From the Boidem - 
an occasional column on computers and information technologies in everyday life

January 30, 2007*: Carrying cognitive baggage from the old country

I can't complain when I get introduced before a lecture as one of the pioneers of the educational internet in Israel. Quite frankly, it's an honor. But it seems that it's a short lived one. The benefits of being a pioneer seem to be dwarfed by the crutches, or the wheelchair, that people seem to expect as an accessory to that status. Perhaps I'm a pioneer, but in today's digital landscape, it seems that I'm viewed more as a dinosaur. Internet generations seem to come and go so quickly that even generation x'ers are viewed by some members of younger generations as properly residing in the geriatric ward. Whatever I may try to do to prove how much I'm still aware of what's happening on the internet front, new protocols, new tools, and new generations (with an ever increasing number of names) are always springing up to let me know that I'm outdated.

How outdated? Well, it seems that, a number of years ago already, I've been demoted. Rather than being a pioneer, it turns out that I'm an immigrant. Is there a difference? Perhaps not. After all, many pioneers are often, at least at the outset, immigrants. But yes, there is a difference, even if it's primarily semantic. As a pioneer I was someone who braved out into yet unmapped territory, someone who took chances. As an immigrant I've become someone who, for at least one of a number of possible reasons, has simply passively decided to cast my lot in surroundings where the fishing conveniently seems better.

As a digital immigrant, I'm apparently never going to be able to truly feel at home in a digital environment. While all around me kids will be instant messaging between groups of friends on their cellulars, barely giving a second thought to the technology they're using, I'll still be sitting in front of a computer screen within my email program, writing letters - the sort of thing that might get printed out on paper - enthralled by the wonders of such a tool. For the immigrant, tasting from the tree of digitality is perhaps similar to tasting the fruit of the Tree of Knowledge. Having tasted from it, I'll never be able to return to my pre-digital homeland. But I'll apparently also never be fully integrated into the digital promised land.

Although there seems always to be a market for nostalgia, there doesn't seem to be much interest in ragged immigrants, huddled over the side of the ship, straining to get a glimpse of digital-land. Perhaps in the eyes of the natives we're too much of a reminder of their plebian roots. Nobody is keeping these immigrants out, but nobody seems to be holding the door wide open for them either. They're pretty clearly not the market for third generation cellphones. It's the natives who are in, who command attention. But it's not because immigrants can be a potentially lucrative market that they merit respect. Respect is their due because they're the people who can best figure out what to do with all the new tools that are constantly appearing on the scene. Sure, natives may adapt to using new tools more quickly, but if it's a tool that actually makes life more engaging, that creates a tangible advantage over our pre-digital lives, it's the immigrants who are going to understand what to do with it. Taking something for granted isn't necessarily a virtue.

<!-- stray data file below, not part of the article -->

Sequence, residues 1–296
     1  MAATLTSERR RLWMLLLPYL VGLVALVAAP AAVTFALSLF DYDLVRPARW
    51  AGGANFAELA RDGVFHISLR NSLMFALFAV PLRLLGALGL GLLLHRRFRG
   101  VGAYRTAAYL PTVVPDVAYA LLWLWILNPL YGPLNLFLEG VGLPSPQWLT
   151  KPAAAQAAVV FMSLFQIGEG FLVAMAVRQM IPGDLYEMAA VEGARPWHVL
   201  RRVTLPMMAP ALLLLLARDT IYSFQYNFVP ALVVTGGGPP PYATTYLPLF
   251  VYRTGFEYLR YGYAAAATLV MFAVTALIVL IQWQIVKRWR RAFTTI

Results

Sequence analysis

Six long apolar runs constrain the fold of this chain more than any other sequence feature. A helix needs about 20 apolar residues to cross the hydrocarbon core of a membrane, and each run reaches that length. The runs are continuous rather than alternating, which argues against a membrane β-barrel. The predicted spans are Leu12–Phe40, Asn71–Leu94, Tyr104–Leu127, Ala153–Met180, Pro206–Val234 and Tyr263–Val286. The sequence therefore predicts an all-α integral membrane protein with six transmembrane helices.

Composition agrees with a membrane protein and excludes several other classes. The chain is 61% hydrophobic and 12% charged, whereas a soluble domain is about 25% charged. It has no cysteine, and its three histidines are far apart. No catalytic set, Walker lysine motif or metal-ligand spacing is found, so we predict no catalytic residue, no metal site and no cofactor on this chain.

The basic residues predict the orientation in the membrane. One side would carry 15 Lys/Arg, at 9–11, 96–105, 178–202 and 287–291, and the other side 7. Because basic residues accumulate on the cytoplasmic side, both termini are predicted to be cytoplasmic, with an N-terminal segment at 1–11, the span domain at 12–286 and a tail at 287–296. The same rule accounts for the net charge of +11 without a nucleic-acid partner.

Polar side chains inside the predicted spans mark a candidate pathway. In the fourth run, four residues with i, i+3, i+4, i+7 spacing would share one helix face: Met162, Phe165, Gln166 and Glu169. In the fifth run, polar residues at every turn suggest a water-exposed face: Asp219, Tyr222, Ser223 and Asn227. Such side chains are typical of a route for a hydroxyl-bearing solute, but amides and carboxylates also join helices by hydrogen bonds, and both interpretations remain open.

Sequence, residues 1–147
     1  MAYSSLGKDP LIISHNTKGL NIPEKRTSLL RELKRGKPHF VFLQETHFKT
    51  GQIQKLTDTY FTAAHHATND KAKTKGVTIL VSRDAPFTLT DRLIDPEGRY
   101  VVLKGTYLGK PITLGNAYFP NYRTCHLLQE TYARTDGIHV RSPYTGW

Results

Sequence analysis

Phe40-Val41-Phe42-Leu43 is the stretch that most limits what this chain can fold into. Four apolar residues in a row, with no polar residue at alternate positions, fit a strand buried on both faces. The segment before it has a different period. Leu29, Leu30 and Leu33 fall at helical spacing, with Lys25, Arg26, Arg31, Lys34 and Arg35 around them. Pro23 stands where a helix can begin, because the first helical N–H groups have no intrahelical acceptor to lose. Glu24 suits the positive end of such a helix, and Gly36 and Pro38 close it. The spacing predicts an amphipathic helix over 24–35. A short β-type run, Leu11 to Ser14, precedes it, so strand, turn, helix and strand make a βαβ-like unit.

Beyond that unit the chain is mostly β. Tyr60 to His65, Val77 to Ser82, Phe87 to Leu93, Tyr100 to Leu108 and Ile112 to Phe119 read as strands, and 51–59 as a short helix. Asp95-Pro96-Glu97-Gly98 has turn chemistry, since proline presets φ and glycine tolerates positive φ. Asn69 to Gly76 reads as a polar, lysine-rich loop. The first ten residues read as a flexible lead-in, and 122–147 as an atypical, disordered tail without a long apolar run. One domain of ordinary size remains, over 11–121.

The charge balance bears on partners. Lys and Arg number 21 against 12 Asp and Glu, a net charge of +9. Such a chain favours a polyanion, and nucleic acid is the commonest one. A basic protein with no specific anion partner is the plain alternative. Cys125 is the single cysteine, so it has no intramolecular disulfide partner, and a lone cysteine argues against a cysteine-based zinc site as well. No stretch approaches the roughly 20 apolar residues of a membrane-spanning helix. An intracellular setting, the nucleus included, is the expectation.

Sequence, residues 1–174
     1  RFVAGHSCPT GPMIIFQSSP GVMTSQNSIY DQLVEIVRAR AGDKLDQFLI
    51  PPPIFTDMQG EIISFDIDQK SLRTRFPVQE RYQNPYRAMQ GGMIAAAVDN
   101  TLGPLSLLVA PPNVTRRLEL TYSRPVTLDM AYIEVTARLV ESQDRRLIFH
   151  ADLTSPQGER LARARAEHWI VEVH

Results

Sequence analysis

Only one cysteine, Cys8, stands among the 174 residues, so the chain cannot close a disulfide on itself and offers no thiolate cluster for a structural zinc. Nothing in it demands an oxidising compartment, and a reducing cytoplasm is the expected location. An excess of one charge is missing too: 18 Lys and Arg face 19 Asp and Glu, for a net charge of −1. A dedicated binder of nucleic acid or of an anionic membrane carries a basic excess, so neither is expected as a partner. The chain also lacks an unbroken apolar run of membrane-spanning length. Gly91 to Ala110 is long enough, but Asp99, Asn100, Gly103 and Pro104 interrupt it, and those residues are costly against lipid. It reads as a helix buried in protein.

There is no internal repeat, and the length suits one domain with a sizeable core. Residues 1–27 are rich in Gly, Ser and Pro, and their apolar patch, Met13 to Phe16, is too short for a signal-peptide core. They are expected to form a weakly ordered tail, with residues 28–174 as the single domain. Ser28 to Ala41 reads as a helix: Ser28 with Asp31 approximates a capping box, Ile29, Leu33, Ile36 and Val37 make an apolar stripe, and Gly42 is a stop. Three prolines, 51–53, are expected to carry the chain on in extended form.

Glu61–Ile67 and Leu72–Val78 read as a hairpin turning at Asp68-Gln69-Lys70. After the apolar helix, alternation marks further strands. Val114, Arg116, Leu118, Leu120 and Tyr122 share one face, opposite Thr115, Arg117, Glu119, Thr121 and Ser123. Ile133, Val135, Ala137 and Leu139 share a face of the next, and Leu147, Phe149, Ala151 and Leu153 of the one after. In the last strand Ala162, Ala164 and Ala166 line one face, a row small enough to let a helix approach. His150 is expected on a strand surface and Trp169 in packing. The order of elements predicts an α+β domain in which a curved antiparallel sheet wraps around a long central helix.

This is particularly true within an educational setting (which can, of course, also be simply at home). The assumption that pupils, simply because they're digital natives, know how to use a tool well before their teachers, is still widespread throughout the educational system. But prevalent or not, it's also a very inaccurate description of reality. Examples of pupils who have access to digital tools, but neither know, nor understand, what to do with them, can be found on every level of schooling. Natives who disregard the experience and expertise that immigrants bring with them are in danger of realizing only a small part of the potential of the digital world. Today's natives are in great need of the perceptions and the understandings that digital immigrants packed with them when they came to this new landscape. If the natives will let these immigrants unpack and settle the territory, they've got an awful lot to gain. So if I'm going to be perceived as an immigrant, I can't complain. Our knowledge of what things were like "back then" is precisely what enables us to envision how digital tools can truly have a powerful and empowering impact on the here and now.

That's it for this edition. Reactions and suggestions can be sent to:

Jay Hurvitz

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